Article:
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Parliamentary questions
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13 March 2008
Answer given by Mr Borg on behalf of the Commission
Question reference: E-0139/2008

Recital 16 of Regulation (EC) No 2371/2002 of 20 December 2002 on the conservation and sustainable exploitation of fisheries resources under the common fisheries policy(1) sets out the principle of relative stability of fishing activities by the allocation of fishing opportunities among the Member States, based on a predictable share of the stocks for each Member State. Recital 17 of that regulation establishes that given the temporary biological situation of stocks, the particular needs of regions where local populations are especially dependent on fisheries and related activities should be safeguarded as decided by the Council in its Resolution of 3 November 1976(2). Such safeguards are the so-called Hague Preferences.

The application of Hague Preferences concerns the sharing of total allowable catch (TACs) among Member States and are therefore to be addressed by the Council.

The main objective of the common fisheries policy is to ensure the exploitation of living aquatic resources that provides sustainable economic, environmental and social conditions.

There are situations where this objective is not reached, because total allowable catches have to be set at lower levels and consequently the quotas shared out between the Member States are below a minimum level of access to the stocks, which was agreed upon in the past for Ireland and the United Kingdom. It is in these situations that the United Kingdom and/or Ireland, who are the beneficiaries of the Hague Preferences, ask for the application of The Hague Preferences. The application of this system for some stocks will then result in smaller reductions in quotas for either or both Ireland and the United Kingdom. On the other hand all other Member States to whom the system of Hague Preferences does not apply, experience higher quota reductions.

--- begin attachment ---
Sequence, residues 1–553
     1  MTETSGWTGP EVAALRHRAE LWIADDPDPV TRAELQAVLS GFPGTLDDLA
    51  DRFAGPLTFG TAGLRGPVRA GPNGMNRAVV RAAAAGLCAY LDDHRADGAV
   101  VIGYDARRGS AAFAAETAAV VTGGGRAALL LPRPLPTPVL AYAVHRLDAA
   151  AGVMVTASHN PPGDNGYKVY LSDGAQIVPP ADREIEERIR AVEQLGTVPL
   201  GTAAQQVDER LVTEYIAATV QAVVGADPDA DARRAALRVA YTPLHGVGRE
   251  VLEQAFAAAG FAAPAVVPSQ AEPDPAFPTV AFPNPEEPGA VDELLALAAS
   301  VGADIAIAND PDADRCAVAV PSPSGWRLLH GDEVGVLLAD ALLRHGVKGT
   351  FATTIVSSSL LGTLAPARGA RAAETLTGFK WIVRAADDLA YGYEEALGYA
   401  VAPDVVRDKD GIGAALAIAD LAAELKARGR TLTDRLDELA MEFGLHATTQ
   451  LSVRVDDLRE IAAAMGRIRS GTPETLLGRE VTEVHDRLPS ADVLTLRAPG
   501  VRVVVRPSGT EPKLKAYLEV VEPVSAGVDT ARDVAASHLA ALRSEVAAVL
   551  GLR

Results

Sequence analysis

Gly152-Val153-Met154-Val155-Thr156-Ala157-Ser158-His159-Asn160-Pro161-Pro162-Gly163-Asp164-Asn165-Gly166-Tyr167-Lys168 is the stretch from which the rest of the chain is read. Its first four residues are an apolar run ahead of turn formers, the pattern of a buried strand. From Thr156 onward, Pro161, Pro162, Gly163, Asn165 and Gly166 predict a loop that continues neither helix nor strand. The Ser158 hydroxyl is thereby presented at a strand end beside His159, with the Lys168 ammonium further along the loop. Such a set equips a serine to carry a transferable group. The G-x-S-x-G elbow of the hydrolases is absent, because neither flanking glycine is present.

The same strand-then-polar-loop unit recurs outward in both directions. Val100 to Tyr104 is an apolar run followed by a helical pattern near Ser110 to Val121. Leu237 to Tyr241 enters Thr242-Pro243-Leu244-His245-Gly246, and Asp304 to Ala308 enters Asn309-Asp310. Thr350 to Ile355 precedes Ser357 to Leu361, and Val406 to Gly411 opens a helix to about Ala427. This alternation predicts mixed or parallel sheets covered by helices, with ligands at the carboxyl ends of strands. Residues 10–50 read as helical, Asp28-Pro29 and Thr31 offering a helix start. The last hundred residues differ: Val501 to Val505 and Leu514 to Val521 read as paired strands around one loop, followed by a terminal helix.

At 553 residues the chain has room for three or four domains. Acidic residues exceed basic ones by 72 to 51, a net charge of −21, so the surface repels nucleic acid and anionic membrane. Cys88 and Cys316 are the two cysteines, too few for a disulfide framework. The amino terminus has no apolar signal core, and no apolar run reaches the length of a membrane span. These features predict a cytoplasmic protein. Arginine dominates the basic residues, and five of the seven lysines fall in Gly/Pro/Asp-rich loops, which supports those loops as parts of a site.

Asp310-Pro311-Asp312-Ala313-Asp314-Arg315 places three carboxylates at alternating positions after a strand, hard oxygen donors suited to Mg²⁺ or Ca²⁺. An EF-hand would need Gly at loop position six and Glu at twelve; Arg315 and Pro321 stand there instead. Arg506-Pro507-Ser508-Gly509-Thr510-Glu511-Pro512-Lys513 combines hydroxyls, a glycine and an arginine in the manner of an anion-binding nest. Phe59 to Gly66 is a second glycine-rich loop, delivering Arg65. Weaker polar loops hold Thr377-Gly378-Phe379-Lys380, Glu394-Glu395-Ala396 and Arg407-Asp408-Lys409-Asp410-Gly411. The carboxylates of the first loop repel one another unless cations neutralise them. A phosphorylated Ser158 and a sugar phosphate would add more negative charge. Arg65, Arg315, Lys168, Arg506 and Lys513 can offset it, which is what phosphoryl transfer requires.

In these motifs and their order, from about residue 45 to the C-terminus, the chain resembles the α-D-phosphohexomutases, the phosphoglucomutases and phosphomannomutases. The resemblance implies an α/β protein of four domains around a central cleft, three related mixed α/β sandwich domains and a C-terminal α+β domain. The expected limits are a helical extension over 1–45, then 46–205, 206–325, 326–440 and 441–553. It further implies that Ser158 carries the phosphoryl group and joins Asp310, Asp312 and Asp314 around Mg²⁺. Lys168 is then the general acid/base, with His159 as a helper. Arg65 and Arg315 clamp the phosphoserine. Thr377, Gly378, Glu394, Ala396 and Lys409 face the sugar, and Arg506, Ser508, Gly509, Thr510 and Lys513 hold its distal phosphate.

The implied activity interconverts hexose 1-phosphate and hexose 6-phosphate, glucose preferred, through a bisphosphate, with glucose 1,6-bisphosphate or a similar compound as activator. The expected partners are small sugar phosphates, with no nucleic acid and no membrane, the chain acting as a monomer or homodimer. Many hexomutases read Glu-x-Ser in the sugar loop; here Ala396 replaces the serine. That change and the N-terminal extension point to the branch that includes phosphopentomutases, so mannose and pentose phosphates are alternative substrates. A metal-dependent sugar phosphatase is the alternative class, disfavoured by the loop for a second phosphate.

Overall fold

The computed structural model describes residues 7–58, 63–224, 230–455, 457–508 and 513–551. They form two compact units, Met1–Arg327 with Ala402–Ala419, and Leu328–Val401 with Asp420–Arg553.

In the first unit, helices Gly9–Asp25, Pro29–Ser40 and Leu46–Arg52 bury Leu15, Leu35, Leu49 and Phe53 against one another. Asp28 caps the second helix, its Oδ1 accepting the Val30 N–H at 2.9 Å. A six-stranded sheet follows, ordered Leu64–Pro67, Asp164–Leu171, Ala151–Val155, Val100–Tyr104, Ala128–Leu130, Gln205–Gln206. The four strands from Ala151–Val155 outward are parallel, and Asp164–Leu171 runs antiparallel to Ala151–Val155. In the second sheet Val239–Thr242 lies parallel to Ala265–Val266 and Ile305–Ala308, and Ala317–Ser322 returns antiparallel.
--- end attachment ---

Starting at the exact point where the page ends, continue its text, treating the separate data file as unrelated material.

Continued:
The overall priority is to rebuild stocks to a high level so that higher and more stable catches can be taken from them. If this can be attained, Hague Preferences will generally not be needed.

In order to achieve this, the Commission insists on the need for good control and inspection of fisheries, correct reporting of catches, good provision of data for scientific advice and responsible decision making with stakeholder participation.

(1)OJ L 358, 31.12.2002.
(2)OJ C 105, 7.5.1981.

OJ C 291, 13/11/2008
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